CodeMash and KidzMash v2.0.1.5 — An Amazing Experience

Last week, I attended my fourth CodeMash conference but for the first time ever I attended as a speaker.  CodeMash is a great technical conference that takes place the first week of every year at the Kalahari Resort in Sandusky, Ohio.  It gathers together C#, .Net, Ruby, JavaScript, F#, Python, and hardware enthusiasts from all over with many speakers traveling internationally for the opportunity to share their expertise at this conference.  But the one thing that makes this conference so very special is the KidzMash conference which runs in parallel and is designed specifically for kids.CodeMash V2.0.1.5

This year, I presented two different KidzMash sessions.  The first one had a handful of kids sorting themselves using a variety of sorting algorithms in order to figure out which would be best for what scenario.  At the end of the session, quicksort won for a previously unsorted list while bubble sort came out looking pretty good for a pre-sorted list.

My second KidzMash session illustrated the fact that computers only think in ones and zeros and what that meant when dealing with simple tasks.  As a group, we learned about binary numbers as well as how to represent letters by assigning each letter a number.  Amongst other activities, we used a simple compression algorithm on a black and while image, sent the information to a “printer” (a child with a black marker), and instructed it to “print” out the original image, all without information loss.  We even discovered the concept of parity!  All this in a fun and highly interactive session.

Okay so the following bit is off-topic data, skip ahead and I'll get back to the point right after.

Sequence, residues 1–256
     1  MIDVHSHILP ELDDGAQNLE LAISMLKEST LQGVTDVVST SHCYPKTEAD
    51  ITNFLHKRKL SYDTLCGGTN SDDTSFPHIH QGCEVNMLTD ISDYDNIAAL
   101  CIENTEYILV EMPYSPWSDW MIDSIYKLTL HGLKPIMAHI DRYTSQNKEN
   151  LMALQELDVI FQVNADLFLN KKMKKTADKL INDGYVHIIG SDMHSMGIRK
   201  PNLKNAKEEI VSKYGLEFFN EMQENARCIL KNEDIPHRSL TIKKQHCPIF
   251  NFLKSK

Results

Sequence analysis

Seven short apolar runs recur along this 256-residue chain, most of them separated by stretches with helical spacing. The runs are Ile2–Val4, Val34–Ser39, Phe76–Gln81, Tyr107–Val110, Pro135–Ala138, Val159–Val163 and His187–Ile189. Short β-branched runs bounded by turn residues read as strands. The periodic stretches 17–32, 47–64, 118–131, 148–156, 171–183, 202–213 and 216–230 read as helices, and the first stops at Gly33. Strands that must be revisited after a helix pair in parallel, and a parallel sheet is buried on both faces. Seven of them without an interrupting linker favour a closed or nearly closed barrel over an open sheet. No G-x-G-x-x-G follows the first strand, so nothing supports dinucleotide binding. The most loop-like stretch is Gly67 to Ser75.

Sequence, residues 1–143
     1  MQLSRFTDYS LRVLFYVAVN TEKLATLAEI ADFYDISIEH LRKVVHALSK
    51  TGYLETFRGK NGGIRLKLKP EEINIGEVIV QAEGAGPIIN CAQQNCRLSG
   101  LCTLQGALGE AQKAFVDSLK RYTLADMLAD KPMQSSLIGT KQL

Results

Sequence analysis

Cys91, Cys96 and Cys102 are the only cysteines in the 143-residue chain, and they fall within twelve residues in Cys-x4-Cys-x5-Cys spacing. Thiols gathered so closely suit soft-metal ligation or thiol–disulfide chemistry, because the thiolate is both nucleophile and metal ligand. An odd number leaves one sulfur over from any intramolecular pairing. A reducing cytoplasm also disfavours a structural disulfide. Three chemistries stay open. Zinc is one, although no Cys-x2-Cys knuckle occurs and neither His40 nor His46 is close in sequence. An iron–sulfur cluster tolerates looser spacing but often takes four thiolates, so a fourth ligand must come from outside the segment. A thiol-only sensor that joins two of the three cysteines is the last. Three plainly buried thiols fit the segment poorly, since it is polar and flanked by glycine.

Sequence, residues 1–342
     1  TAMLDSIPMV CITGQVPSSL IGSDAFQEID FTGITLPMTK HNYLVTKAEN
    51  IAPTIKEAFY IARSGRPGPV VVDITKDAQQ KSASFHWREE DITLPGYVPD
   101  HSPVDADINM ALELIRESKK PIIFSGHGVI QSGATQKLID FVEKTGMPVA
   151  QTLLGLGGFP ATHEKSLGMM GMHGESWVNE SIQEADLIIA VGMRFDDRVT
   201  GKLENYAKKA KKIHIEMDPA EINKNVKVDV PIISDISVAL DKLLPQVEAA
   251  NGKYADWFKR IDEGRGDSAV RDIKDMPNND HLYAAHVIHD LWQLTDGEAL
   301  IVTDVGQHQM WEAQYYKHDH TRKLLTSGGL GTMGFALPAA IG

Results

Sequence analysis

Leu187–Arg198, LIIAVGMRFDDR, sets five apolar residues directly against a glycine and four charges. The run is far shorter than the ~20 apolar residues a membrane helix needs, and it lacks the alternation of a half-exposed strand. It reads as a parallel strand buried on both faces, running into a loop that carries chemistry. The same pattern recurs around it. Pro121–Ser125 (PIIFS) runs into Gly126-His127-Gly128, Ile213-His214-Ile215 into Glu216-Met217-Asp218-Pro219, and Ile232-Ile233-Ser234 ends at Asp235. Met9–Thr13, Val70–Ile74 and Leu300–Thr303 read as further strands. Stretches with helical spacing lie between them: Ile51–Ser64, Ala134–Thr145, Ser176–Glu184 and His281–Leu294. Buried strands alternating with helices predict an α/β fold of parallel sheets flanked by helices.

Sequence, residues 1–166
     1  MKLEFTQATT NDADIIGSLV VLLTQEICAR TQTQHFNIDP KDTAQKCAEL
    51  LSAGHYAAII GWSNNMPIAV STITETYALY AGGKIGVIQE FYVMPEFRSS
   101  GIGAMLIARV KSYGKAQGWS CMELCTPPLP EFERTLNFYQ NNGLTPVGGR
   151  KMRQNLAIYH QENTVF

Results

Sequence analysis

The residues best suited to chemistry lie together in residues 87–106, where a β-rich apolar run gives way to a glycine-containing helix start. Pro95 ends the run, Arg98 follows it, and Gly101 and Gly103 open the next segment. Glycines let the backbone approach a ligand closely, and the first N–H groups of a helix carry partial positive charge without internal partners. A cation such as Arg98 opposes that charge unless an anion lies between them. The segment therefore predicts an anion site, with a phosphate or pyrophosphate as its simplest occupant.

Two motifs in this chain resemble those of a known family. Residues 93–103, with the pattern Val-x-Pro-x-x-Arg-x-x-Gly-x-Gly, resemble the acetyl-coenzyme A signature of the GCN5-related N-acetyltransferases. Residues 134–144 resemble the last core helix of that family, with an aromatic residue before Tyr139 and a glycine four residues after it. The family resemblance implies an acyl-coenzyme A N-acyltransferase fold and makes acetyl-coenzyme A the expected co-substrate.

The adult session I presented, From Zero to Full Deployment Automation in 60 Minutes, was a repeat of one I had done at ThatConference in August 2014.  It was well received and its success has me already considering preparing a sequel to propose for CodeMash 2016.  Immediately after my session, I met a couple of gentlemen who had attended ThatConference and had used my session content to implement continuous deployment at their company.  It was encouraging to see that my material had been instrumental in helping someone improve their development environment!

I attended many sessions, learned a lot, and left the conference inspired to get involved in or even kick off many more projects than I can reasonably tackle in a year.  I met some fabulous people, chatted with old friends, learned to play Settlers of Catan, and had an overall blast.

My gratitude goes to the CodeMash and KidzMash organizers, volunteers, and sponsors.  Thank you for inviting me to speak at your conference, thank you for promptly addressing any and all issues as a speaker, and thank you for believing in me.  You have made CodeMash awesome yet again.


How my 12-yr-old son became a C# Programmer

My 12-year old son has been scripting since he was 7 or 8 and writing C# code for about 2 years now. Now for full disclosure, both my husband and I are software developers; my husband writes C++ and Java on the Linux platform but was a long-time Windows developer while I’m a C# .Net developer. We’d thought of eventually showing our son how to program but hadn’t planned on getting him started before he’d even learned long division.

The scripting was a bit of an accident. The PC game my son loved to play came with a full-featured game extension tool for users to develop their own modules and quests. Also included was the ability to write scripts to supplement the existing library with new functionality. It’s always exciting to invent your own modules and see how far you can push the envelope so this quickly became his favourite occupation.